­venlafaxine), corticosteroids, bisphosphonates, NMDA
antagonists, and cannabinoids.9,92,107,108 Although it is criticized frequently, the most common approach to compare
clinical trials is to compare the number-needed-to-treat and
number-needed-to-harm values of drugs. These coanalgesic
drugs have number-needed-to-treat values of 3–5, which are
within the therapeutic interval.88,109 In the following section,
coanalgesic drugs will be described in detail.
Tricyclic antidepressants
TCAs are well-known drugs that inhibit norepinephrine and
serotonin reuptake in the CNS, modulating sodium channels and augmenting dorsal root ganglion blockage by the
inhibition of NMDA receptors.11,110 The efficacy of TCAs
is established mainly in PHN.111,112 Antidepressive effects
create a double hit to NP mechanism, since pain perception
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is highly increased with depression. TCAs are thought to
have analgesic effects at dosages lower than required for
depression. Drug toxicity can be dose-limiting for TCA, since
they are strongly anticholinergic drugs. The most common
side effects are the result of their anticholinergic activity,
which are dry mouth, constipation, blurred vision, cognitive
impairment, and orthostatic hypotension.11 Therefore, they
should be started cautiously in patients with cardiac problems
and especially in the elderly. A baseline electrocardiogram
should be obtained and repeated as necessary. There is large
pharmacokinetic variability in the metabolism of this class of
drugs, so personalized treatment is important. Imipramine,
desipramine, and nortriptyline are accepted as safer than
amitriptyline.11 Further data on dosage of analgesics, coanalgesics, and warnings are summarized in Table 8.
Other antidepressants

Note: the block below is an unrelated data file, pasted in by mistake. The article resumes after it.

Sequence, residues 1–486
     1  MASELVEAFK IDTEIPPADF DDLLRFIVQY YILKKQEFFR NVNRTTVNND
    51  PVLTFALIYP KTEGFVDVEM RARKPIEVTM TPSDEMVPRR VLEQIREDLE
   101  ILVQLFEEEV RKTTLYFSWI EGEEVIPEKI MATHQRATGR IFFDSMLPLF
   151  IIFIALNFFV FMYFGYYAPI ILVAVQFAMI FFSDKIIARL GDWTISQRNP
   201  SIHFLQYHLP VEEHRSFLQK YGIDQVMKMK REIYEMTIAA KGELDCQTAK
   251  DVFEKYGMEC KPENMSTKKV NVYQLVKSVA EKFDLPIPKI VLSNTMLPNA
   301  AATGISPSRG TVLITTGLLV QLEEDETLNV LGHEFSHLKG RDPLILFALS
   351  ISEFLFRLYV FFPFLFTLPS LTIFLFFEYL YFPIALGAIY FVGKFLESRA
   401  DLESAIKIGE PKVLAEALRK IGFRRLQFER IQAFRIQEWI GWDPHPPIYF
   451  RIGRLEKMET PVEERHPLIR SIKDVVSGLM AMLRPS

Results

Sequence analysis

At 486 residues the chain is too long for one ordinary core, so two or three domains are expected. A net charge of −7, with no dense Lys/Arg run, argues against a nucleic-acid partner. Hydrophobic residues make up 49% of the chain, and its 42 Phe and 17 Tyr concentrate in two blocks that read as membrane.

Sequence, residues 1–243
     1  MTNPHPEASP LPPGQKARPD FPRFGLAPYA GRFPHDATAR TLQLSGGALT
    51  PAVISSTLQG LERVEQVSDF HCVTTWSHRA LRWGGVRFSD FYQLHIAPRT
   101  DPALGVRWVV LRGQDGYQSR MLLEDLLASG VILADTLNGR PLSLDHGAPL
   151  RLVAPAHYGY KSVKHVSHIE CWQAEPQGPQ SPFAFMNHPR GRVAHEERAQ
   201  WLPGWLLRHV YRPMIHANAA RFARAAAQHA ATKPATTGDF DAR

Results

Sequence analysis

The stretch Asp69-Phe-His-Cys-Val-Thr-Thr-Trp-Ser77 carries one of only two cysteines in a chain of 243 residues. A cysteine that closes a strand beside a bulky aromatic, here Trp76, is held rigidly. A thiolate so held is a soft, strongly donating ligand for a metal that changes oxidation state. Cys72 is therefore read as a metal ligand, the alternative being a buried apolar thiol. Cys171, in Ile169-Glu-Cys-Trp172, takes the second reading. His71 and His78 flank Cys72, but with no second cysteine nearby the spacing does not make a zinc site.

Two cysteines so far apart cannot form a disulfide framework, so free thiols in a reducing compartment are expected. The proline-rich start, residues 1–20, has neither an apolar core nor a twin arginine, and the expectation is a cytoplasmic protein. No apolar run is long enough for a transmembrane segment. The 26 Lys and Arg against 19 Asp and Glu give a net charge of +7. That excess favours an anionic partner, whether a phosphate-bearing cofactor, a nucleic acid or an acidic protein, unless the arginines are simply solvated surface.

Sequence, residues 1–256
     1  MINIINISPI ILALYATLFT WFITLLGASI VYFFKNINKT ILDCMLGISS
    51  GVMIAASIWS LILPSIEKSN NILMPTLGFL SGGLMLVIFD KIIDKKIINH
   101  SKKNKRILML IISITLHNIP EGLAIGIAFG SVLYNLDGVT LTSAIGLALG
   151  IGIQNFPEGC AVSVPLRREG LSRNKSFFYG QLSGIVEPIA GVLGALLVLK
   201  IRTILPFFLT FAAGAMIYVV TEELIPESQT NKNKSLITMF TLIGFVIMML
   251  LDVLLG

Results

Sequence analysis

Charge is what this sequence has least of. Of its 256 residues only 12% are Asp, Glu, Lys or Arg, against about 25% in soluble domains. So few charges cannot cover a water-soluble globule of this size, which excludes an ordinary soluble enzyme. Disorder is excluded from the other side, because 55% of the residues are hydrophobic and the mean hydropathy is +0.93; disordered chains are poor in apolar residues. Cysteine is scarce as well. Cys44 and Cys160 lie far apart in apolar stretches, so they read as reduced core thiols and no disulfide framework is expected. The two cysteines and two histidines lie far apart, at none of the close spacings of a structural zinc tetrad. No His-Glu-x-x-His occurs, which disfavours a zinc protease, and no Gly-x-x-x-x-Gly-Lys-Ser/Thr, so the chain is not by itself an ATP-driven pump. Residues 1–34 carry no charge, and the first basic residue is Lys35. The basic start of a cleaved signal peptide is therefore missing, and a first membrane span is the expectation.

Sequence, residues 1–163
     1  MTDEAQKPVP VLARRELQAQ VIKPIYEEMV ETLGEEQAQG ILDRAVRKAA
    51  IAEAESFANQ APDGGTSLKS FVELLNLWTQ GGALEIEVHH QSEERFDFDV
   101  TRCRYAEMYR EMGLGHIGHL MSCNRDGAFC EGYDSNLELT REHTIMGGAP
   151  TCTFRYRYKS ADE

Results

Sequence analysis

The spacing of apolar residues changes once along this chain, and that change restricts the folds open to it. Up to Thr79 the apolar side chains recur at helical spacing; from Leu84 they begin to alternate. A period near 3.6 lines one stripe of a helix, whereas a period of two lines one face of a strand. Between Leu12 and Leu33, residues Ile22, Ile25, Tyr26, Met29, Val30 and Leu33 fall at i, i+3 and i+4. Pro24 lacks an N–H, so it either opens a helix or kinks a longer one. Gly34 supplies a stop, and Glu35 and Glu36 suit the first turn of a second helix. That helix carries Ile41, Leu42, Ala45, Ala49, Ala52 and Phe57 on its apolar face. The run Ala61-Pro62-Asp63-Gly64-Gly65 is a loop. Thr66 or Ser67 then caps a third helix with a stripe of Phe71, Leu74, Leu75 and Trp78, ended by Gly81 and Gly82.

The analgesic effects of selective serotonin-reuptake inhibitors are not well established, as there is not enough clinical
evidence.9,109 The selective serotonin–norepinephrine inhibitors (SNRIs) venlafaxine and duloxetine are the drugs of
choice in NCP, although the main evidence of their effectiveness in NP was established in studies on diabetic neuropathy.
Venlafaxine is the first SNRI to be effective in NP. In a welldesigned study comparing venlafaxine and imipramine, both
were found to be equally effective.113 The dosage is important,
since lower dosages (,75 mg) are ineffective in NCP, and
higher doses are required (.150 mg).114 Acute oxaliplatin
toxicity can be successfully treated with venlafaxine.115
Elevation of blood pressure is a risk during venlafaxine
treatment, and regular monitoring is necessary. The main side
effects are gastrointestinal disturbances, but rarely result in
drug discontinuation. Venlafaxine dose should be reduced in
severe hepatic and renal insufficiency. In comparison with
duloxetine, venlafaxine was found to be more effective but
with more side effects.116
Duloxetine is a relatively new agent in the SNRI family.
It has been found to be more effective than placebo.117,118
Dose titration of duloxetine should be done in no less than